1708 Lombard Street, 215-545-9600,
Average Entrée Price: $25.
Food: Creative seafood.
Drink: The reasonably priced whites by the glass, especially the Engine Room sauvignon blanc-chardonnay blend.
Get: Desserts — the homey cakes and tarts are made by the restaurant’s budding pastry chef, Stollenwerk’s mom.
The entrée section of the menu is dominated, as you would expect, by fish dishes. Old regulars will be happy to find the familiar meaty skate wing paired with truffle-infused spaetzle and leeks in a creamy parmesan broth. And the considered creativity that is the chef’s trademark remains in full flower. He reinterprets classic clams and linguine with an inspired bowl of clam broth, tender wild clams and orzo, topped with fresh chilies, slivers of preserved lemon, celery leaves, and a perfectly cooked portion of crispy-skinned striped bass.
There are a few misses: A flavorful mélange of brussels sprouts, oyster mushrooms and bacon in a mustard-kissed sauce is wasted on a flavorless hunk of farm-raised salmon. The plump scallops paired with mushrooms and creamy truffled sauce are well–executed, but absent the inspiration present in so many other dishes. And the lone steak dish, a concession to the inevitable seafood-phobic diner, reveals in its lackluster flavor the chef’s apathy toward meat.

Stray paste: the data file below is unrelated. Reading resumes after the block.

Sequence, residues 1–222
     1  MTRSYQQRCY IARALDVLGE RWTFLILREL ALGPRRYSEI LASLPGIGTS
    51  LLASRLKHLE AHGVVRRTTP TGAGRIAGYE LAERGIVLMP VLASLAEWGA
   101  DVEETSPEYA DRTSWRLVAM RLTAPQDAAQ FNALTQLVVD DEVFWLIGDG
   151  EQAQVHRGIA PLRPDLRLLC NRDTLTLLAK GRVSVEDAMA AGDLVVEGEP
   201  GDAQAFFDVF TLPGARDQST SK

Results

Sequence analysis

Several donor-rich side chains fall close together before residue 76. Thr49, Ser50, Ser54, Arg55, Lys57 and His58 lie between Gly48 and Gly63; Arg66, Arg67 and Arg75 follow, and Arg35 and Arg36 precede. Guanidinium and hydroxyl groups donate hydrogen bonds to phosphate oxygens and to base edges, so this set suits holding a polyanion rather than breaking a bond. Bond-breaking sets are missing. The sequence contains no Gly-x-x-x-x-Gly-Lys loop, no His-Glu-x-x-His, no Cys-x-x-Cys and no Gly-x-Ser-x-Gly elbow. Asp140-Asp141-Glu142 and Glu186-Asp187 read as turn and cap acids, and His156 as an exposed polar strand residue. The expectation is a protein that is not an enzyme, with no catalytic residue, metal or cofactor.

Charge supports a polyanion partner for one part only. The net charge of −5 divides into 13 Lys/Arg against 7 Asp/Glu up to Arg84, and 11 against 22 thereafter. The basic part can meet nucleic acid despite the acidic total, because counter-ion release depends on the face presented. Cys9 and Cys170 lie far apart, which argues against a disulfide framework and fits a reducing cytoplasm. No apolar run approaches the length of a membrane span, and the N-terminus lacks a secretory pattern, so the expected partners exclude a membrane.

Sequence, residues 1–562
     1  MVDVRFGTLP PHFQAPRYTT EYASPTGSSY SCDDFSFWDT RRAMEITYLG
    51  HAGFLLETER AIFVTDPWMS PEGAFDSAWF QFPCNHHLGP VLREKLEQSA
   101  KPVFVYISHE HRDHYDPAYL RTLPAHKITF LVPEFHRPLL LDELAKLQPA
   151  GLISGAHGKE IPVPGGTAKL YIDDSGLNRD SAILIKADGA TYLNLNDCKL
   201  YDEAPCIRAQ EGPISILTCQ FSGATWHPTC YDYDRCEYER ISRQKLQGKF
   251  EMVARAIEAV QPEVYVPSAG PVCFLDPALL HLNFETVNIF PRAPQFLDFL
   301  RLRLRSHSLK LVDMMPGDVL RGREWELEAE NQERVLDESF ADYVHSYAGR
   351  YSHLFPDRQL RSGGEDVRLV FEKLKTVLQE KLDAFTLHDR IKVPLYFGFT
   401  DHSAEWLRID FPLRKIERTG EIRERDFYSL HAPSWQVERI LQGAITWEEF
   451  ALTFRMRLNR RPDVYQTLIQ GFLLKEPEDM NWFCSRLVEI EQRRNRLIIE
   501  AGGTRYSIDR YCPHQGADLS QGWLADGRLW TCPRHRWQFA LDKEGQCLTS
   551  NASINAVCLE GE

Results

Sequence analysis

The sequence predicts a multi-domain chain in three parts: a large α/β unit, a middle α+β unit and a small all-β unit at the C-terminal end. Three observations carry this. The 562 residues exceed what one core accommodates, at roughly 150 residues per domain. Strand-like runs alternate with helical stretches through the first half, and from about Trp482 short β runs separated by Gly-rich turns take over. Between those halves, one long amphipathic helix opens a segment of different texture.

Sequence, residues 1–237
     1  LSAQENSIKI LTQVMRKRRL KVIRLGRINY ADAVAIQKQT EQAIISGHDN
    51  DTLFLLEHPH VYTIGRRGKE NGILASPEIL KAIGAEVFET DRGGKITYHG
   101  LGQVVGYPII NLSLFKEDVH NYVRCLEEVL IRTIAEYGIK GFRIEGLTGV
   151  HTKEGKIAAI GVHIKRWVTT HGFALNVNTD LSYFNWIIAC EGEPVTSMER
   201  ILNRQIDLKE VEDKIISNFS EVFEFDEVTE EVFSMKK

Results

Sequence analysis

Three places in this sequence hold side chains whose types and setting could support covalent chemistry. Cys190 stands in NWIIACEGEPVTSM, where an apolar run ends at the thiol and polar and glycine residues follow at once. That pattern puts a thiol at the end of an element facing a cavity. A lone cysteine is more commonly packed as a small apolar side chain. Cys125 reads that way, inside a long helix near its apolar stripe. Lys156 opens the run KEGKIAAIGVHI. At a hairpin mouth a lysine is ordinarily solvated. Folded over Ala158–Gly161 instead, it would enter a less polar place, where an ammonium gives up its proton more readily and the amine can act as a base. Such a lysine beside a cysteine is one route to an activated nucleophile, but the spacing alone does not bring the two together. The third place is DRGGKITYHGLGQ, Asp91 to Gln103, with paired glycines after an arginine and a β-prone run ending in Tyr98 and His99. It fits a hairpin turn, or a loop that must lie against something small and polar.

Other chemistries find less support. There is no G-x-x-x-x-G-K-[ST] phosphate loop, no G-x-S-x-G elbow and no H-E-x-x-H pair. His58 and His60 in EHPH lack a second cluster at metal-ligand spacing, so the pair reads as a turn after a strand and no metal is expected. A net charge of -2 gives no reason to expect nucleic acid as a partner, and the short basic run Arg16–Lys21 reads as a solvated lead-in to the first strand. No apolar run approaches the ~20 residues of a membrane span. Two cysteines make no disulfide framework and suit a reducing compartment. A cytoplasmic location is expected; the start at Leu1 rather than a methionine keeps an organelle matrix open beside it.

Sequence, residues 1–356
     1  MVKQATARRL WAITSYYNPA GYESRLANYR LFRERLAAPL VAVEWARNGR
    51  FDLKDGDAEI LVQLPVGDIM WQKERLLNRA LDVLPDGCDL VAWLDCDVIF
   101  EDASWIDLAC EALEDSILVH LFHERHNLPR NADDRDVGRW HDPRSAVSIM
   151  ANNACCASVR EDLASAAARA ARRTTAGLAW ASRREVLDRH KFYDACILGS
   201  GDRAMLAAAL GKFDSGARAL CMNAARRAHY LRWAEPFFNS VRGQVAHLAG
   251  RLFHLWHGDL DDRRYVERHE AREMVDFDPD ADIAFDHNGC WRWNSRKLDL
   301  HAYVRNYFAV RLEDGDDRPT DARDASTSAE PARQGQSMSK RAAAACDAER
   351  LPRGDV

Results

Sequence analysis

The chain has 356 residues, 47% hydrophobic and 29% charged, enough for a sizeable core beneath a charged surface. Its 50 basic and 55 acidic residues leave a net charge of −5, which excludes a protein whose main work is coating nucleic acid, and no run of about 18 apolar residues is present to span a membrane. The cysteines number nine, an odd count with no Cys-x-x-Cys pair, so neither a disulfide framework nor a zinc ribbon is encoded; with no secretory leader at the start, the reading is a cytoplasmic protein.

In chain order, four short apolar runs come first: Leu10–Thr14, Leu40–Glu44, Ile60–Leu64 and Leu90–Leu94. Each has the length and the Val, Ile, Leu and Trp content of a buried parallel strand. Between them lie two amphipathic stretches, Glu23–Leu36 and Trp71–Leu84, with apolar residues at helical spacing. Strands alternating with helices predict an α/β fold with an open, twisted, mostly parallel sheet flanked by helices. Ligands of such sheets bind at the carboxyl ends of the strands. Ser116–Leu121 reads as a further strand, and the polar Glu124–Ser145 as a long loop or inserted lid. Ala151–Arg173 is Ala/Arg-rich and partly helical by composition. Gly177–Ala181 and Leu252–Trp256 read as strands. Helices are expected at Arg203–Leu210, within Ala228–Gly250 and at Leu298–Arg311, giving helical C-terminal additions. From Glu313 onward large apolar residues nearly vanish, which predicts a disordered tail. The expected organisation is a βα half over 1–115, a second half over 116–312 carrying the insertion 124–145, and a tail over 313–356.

Stick to dishes that sound a little quirky; look for combinations like beets and chicken skin. The chef elevates the usually boring beet salad with the addition of crouton-like bits of fried chicken skin, the salty crunch adding depth of flavor and a titillating textural contrast. The idea for the dish came to the chef over a quick dinner he made at home for his wife, another little culinary coincidence that resulted in a memorable menu addition.
From the confines of Little Fish, Stollenwerk became a pretty big star. Part of that restaurant’s appeal, though, lies in its claustrophobic intimacy; it’s a marvel what the chef can pull off in so small a space. At Fish, a full-size and full-scale Center City restaurant, Stollenwerk will need to grow along with the wine–augmented check averages and diners’ swelling expectations. Service, though friendly, is painfully slow and uninformed, and needs some polish to meet the standard set by the food. But even if Fish needs to work out a few kinks, its 33-year-old chef-owner clearly has the talent needed to make his restaurant the city’s go-to seafood spot.
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